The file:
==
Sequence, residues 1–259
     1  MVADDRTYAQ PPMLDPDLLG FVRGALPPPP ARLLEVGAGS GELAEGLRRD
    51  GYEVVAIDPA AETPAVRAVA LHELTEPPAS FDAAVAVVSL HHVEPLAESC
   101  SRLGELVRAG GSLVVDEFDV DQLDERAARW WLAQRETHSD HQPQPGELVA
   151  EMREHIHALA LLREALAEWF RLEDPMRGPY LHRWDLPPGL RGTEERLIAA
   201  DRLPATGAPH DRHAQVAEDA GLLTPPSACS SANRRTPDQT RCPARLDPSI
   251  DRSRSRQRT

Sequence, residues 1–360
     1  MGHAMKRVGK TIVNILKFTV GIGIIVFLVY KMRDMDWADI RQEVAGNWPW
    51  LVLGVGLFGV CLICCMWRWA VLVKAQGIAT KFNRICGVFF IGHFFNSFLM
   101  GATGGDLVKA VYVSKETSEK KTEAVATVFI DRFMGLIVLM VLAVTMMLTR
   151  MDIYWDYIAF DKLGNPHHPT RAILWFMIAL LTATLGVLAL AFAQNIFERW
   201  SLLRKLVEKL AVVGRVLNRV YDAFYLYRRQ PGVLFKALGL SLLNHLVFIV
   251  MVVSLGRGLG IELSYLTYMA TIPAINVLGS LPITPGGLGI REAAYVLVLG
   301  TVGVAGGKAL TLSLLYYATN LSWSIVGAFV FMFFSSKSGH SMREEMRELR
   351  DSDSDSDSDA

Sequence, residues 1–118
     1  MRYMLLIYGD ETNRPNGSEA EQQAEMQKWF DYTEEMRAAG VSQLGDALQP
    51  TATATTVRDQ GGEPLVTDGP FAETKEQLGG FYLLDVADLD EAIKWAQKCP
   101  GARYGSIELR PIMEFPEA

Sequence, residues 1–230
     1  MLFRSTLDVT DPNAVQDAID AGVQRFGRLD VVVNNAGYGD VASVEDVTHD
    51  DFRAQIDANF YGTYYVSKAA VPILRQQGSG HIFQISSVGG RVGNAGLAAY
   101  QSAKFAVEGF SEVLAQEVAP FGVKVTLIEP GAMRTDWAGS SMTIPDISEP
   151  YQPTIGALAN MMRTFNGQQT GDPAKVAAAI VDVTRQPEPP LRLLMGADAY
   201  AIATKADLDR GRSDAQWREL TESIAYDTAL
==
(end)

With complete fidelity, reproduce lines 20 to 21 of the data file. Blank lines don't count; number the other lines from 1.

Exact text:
   101  GARYGSIELR PIMEFPEA

Sequence, residues 1–230